Each enemy you kill drops credits, which function not only as your score, but charge your hyper meter. When full, you can unleash a powerful weapon that fits in with each ship’s archetype, and is closely related to your secondary weapon. The fire-and-forget rockets can be supplemented with a Atom Missile that travels a short distance and deals heavy damage in a large radius. The constant-damage lasers can be fired in a full 360 degree arc around your ship. If there are any balance issues present in the game at all, I find the hyper weapons to be the worst of the bunch. Some are clearly more useful than others—those that erase enemy projectiles specifically—while others just don’t project enough damage to warrant use. To that end, there are some ships that will likely see little or no use.
I had mentioned that the game intended to do away with a few of the hallmark characteristics of SHMUPs that have driven it into such a niche part of the gaming market. It’s an unforgiving style of game, tasking you with avoiding hundreds of projectiles simultaneously, and mistakes have a tendency to set off a chain reaction that drives you into corners where you cannot escape without damage. The kicker? In most games like this, one hit is certain death.
Super Galaxy Squadron does away with that bit by bringing back an existing, though less prevalent, old mechanic in the form of Armor (the ever-popular U.N. Squadron for SNES featured a similar somewhat similar system). No bells or whistles on this, though, your armor functions as a health bar, allowing you to make some errors here and there without immediately losing your progress. Hits from smaller projectiles or grazes will subtract from the bar with no ill effects, while many small hits in a short period or being struck with anything more substantial on the main body of your ship will result in a more severe drop in armor, as well as the loss of one of your powerups—which you can either ignore and flee to safety, or risk trying to recover to keep yourself as powerful as possible.
Veterans might more appreciate the Hardcore mode, however, which does away with the armor and brings back the one-hit death we’re generally familiar with. The game also bucks the usual arcade trend of lives, instead saving your progress at the beginning of each of the six stages and allowing for unlimited attempts.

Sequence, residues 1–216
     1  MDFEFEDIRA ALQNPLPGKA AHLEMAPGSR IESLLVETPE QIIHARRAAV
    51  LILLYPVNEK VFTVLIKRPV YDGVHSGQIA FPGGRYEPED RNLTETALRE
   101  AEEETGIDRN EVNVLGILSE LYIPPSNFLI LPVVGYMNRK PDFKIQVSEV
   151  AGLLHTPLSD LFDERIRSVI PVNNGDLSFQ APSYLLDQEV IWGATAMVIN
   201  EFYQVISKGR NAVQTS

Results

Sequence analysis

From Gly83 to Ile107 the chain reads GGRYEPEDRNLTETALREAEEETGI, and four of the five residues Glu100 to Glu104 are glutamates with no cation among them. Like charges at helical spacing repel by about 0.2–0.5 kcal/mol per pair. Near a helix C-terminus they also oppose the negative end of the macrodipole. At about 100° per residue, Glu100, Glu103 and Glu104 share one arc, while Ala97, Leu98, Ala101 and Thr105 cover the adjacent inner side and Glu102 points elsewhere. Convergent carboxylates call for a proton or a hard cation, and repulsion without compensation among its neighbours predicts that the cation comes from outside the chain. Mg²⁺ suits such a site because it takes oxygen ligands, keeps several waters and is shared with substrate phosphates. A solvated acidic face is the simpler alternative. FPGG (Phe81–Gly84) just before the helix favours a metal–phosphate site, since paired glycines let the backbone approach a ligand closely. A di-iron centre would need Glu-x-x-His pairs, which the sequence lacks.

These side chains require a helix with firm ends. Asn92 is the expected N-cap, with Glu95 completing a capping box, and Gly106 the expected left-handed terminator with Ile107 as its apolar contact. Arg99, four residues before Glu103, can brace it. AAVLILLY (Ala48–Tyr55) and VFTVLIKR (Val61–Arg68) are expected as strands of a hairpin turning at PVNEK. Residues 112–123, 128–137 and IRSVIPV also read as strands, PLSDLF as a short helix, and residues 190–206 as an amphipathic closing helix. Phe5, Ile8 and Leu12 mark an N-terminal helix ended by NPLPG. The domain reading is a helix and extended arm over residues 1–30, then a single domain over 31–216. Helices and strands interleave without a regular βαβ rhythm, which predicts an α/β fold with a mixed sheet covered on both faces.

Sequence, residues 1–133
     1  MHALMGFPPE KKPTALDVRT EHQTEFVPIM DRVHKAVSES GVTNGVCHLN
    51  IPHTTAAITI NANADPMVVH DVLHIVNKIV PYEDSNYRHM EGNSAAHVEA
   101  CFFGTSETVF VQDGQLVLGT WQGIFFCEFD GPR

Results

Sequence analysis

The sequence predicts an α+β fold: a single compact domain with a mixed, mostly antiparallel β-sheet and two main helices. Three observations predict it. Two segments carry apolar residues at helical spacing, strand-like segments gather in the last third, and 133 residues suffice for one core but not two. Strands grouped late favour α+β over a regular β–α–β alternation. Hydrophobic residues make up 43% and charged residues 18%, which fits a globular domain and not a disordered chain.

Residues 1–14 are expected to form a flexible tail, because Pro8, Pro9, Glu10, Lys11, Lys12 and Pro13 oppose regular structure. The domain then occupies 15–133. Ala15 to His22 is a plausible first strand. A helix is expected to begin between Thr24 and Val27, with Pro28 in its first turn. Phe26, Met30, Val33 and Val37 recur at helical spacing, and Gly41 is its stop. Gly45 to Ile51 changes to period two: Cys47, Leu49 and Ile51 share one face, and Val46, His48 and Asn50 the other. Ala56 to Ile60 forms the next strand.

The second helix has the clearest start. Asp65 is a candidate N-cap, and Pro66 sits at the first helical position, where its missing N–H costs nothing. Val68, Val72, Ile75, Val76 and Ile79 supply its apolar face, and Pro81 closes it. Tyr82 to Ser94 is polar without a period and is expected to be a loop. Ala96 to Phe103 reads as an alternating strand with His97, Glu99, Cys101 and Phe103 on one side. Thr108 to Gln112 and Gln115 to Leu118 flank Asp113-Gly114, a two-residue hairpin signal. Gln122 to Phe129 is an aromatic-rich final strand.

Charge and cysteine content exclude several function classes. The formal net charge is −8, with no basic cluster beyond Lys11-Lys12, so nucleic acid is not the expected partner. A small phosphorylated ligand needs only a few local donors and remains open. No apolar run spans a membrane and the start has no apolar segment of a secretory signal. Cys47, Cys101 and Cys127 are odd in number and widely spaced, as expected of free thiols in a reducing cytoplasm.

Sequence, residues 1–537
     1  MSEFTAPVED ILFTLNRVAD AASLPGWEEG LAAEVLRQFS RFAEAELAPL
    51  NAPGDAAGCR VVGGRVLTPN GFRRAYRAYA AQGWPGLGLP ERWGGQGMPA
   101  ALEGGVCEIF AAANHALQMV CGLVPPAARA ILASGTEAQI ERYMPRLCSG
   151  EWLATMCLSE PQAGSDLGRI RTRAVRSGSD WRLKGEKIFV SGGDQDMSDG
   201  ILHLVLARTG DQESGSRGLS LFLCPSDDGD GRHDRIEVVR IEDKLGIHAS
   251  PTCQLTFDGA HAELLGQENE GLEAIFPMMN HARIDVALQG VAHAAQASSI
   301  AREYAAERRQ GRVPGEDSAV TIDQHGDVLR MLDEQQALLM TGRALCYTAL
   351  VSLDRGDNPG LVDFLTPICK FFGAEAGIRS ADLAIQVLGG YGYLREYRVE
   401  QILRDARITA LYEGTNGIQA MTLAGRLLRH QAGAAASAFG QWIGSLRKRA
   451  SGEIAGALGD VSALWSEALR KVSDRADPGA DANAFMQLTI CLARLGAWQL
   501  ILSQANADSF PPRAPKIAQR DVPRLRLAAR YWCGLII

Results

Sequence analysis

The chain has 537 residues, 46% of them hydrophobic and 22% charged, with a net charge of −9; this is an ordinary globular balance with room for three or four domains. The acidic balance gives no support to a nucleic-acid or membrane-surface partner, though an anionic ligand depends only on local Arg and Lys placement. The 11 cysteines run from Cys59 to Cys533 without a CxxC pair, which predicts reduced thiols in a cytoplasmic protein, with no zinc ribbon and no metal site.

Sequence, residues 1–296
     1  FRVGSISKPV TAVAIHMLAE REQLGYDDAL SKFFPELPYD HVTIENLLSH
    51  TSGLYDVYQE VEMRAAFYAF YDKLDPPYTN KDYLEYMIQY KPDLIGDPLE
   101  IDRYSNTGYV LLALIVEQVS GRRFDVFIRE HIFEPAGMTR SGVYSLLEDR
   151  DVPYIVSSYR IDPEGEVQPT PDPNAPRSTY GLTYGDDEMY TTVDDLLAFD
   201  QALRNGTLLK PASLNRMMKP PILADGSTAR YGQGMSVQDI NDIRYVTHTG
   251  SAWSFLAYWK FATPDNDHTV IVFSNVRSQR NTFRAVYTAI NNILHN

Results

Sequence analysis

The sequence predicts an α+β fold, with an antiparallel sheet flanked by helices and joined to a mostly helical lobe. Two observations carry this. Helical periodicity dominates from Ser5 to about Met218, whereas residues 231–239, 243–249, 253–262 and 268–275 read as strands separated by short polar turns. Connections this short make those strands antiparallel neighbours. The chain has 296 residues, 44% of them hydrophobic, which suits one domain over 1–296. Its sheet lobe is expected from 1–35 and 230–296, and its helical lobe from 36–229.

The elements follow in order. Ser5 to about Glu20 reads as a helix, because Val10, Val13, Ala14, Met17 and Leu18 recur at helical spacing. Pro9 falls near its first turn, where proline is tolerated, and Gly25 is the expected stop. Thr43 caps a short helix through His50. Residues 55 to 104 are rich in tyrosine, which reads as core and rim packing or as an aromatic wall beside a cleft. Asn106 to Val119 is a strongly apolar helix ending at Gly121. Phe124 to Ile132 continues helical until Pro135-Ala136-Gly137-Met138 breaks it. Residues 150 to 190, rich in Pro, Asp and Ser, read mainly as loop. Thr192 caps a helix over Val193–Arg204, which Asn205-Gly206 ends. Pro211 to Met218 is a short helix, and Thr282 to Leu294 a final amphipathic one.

The game’s presentation isn’t anything genre-shifting or mind-blowing, but it has a sixteen-bit quality that SNES enthusiasts will find nostalgic and appealing without the game being overly hipster about the whole thing. The soundtrack is a catchy mix of waveform synths and real guitar riffs and drum beats by the band Random Encounter, which feels at once modern and retro, but doesn’t destroy your eardrums, either. Enemies are varied enough to be interesting as they come, and the bosses have a good mix of aesthetics to make each stage feel unique, even if they’re all completed in exactly the same way. The game also features gamepad support, in case you want to go full classic.
If you’ve never played a SHMUP before, this is the one to start with. But that’s not because it’s the best in the genre or anything like that. There are some that are free-to-play but aren’t quite so feature complete, and you could likely emulate some of the older classics if that’s your bag, but this is not only fun and accessible, but you can count it among charitable work on your part, as well. The game was developed alongside some folks that organize a charity you may have heard of called Child’s Play, which seeks to improve the lives of children in hospitals and in domestic violence shelters. All proceeds raised by Super Galaxy Squadron are donated to Child’s Play, so by picking it up, you’re also spreading a little more good in the world.
You can grab Super Galaxy Squadron on Steam for $7.99 (currently on on sale for $6.79), a small price to pay for a little mindless fun here and there. Check a little video below and consider picking the game up, if for no other reason than to support Child’s Play.